Welcome to Kristen Silverberg and Will Inboden
By Christian Brose I’m happy to say that the era of big Shadow Government is not over. It is only just beginning. So let me welcome two great friends, thinkers, and practioners of foreign policy who are joining our blog. First, Kristen Silverberg. Fresh from a stint as U.S. ambassador to the European Union, where ...
By Christian Brose
By Christian Brose
I’m happy to say that the era of big Shadow Government is not over. It is only just beginning. So let me welcome two great friends, thinkers, and practioners of foreign policy who are joining our blog.
First, Kristen Silverberg. Fresh from a stint as U.S. ambassador to the European Union, where she covered the entirety of our growing global relationship with the real "new Europe," Kristen is simply one of the smartest and most impressive people I know. She was Assistant Secretary of State for International Organizations, where I believe she made the UN Security Council as effective as it can possibly be while demonstrating that the institution can absolutely advance U.S. interests. Prior to all this, Kristen worked in the White House on an array of issues from domestic policy, to homeland security, to Iraq — a country she also worked in for the better part of a year, during the early phase of the war. In short, she’s the real deal, and we’re happy to have her onboard.
Second, Will Inboden. After finishing his doctorate in history under John Lewis Gaddis at Yale, which became the basis of this excellent book, Will made his way into the State Department. He advised Secretary Rice on democracy and human rights issues as a member of her Policy Planning staff and then moved to the NSC in 2006, where he worked under the benevolent dictatorship of one Peter Feaver. As Senior Director for Strategic Planning, Will shaped policy on everything from multilateral initiatives and international development, to Sudan and Asia, to the formulation of the 2006 National Security Strategy. He is now Senior Vice-President of the Legatum Institute, working first out of Dubai and now out of London. Will is enabling Shadow Government to claim that it now has an international presence, which is obviously a good thing for all mankind.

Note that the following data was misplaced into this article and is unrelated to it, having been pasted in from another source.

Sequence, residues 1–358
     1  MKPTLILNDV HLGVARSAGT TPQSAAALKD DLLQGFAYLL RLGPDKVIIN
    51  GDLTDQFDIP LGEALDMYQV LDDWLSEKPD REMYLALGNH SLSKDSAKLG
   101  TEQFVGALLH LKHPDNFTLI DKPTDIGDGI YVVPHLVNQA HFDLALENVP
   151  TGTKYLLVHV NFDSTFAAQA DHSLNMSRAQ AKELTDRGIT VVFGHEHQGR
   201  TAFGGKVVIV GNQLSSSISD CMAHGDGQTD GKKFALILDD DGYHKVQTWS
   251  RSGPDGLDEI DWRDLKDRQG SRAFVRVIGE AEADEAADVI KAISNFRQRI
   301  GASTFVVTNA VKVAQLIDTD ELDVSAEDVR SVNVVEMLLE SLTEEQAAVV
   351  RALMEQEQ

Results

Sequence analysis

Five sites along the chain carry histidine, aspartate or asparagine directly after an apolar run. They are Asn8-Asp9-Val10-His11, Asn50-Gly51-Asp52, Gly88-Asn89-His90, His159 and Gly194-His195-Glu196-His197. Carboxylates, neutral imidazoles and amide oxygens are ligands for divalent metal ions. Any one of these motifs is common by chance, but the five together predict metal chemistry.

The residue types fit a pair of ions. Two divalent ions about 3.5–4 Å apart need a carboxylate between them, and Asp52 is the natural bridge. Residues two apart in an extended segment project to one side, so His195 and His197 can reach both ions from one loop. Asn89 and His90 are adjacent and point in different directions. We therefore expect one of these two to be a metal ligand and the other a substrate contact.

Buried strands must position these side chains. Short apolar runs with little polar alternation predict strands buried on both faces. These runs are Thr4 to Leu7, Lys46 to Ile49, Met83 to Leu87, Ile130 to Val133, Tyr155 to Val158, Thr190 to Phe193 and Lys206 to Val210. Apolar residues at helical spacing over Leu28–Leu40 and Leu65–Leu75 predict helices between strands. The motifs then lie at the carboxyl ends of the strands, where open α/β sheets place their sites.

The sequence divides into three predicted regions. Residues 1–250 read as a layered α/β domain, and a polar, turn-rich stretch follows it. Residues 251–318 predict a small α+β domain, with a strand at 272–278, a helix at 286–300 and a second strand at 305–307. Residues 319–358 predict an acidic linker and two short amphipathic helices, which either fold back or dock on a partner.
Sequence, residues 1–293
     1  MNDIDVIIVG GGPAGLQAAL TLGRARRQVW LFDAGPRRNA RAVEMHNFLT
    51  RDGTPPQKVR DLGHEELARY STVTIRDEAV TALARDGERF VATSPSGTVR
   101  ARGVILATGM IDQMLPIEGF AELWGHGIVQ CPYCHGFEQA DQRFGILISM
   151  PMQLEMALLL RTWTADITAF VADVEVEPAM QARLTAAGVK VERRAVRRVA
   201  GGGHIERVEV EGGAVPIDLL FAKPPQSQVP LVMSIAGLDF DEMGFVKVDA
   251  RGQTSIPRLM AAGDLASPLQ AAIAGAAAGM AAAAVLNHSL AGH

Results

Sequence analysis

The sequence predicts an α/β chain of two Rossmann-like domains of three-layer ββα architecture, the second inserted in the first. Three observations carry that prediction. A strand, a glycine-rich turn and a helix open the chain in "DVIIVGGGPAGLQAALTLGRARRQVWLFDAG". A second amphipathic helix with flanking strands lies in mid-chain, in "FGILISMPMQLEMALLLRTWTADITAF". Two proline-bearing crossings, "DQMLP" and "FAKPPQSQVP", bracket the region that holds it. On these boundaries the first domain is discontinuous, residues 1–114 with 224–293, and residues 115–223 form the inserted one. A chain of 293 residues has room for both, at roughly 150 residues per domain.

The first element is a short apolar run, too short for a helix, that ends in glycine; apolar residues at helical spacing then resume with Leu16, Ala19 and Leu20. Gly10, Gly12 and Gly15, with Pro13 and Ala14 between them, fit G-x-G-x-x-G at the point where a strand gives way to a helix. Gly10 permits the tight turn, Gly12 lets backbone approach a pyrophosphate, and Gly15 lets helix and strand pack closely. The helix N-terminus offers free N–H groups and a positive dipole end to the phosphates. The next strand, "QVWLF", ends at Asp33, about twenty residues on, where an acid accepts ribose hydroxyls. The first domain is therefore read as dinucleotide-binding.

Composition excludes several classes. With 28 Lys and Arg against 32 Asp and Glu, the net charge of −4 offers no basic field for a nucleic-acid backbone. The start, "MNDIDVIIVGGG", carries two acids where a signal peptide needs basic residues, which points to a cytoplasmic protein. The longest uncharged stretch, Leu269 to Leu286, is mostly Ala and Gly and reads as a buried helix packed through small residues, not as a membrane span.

Will and Kristen are both broadly experienced and thoughtful people, and I’m confident we will all learn a lot from them.
More from Foreign Policy
Can Russia Get Used to Being China’s Little Brother?
The power dynamic between Beijing and Moscow has switched dramatically.
Xi and Putin Have the Most Consequential Undeclared Alliance in the World
It’s become more important than Washington’s official alliances today.
It’s a New Great Game. Again.
Across Central Asia, Russia’s brand is tainted by Ukraine, China’s got challenges, and Washington senses another opening.
Iraqi Kurdistan’s House of Cards Is Collapsing
The region once seemed a bright spot in the disorder unleashed by U.S. regime change. Today, things look bleak.